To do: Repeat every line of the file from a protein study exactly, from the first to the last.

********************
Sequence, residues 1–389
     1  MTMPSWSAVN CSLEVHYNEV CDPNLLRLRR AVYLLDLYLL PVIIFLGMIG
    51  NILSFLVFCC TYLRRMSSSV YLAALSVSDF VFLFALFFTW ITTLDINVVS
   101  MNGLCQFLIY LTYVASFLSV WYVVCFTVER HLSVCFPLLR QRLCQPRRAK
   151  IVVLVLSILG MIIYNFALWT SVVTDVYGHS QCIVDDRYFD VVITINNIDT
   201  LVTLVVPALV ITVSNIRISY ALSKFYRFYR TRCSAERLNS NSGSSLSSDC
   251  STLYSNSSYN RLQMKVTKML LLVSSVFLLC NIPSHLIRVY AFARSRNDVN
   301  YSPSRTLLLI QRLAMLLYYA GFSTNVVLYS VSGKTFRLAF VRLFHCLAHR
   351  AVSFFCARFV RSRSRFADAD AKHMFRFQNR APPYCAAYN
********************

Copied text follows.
Sequence, residues 1–389
     1  MTMPSWSAVN CSLEVHYNEV CDPNLLRLRR AVYLLDLYLL PVIIFLGMIG
    51  NILSFLVFCC TYLRRMSSSV YLAALSVSDF VFLFALFFTW ITTLDINVVS
   101  MNGLCQFLIY LTYVASFLSV WYVVCFTVER HLSVCFPLLR QRLCQPRRAK
   151  IVVLVLSILG MIIYNFALWT SVVTDVYGHS QCIVDDRYFD VVITINNIDT
   201  LVTLVVPALV ITVSNIRISY ALSKFYRFYR TRCSAERLNS NSGSSLSSDC
   251  STLYSNSSYN RLQMKVTKML LLVSSVFLLC NIPSHLIRVY AFARSRNDVN
   301  YSPSRTLLLI QRLAMLLYYA GFSTNVVLYS VSGKTFRLAF VRLFHCLAHR
   351  AVSFFCARFV RSRSRFADAD AKHMFRFQNR APPYCAAYN